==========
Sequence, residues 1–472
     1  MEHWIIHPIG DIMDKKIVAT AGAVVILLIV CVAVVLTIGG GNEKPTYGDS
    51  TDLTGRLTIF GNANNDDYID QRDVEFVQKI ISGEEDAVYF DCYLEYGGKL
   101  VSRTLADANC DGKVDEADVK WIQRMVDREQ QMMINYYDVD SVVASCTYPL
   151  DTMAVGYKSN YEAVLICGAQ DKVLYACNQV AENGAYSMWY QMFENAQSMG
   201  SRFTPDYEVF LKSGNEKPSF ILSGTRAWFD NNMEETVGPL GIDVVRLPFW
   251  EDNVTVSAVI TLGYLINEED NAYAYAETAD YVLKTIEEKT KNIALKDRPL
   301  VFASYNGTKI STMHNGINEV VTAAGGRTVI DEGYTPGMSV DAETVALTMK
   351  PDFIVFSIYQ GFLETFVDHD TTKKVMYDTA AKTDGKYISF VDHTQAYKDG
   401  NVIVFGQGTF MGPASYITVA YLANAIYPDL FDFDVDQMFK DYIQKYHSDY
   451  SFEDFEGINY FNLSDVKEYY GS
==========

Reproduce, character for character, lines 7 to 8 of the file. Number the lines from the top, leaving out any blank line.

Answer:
   251  EDNVTVSAVI TLGYLINEED NAYAYAETAD YVLKTIEEKT KNIALKDRPL
   301  VFASYNGTKI STMHNGINEV VTAAGGRTVI DEGYTPGMSV DAETVALTMK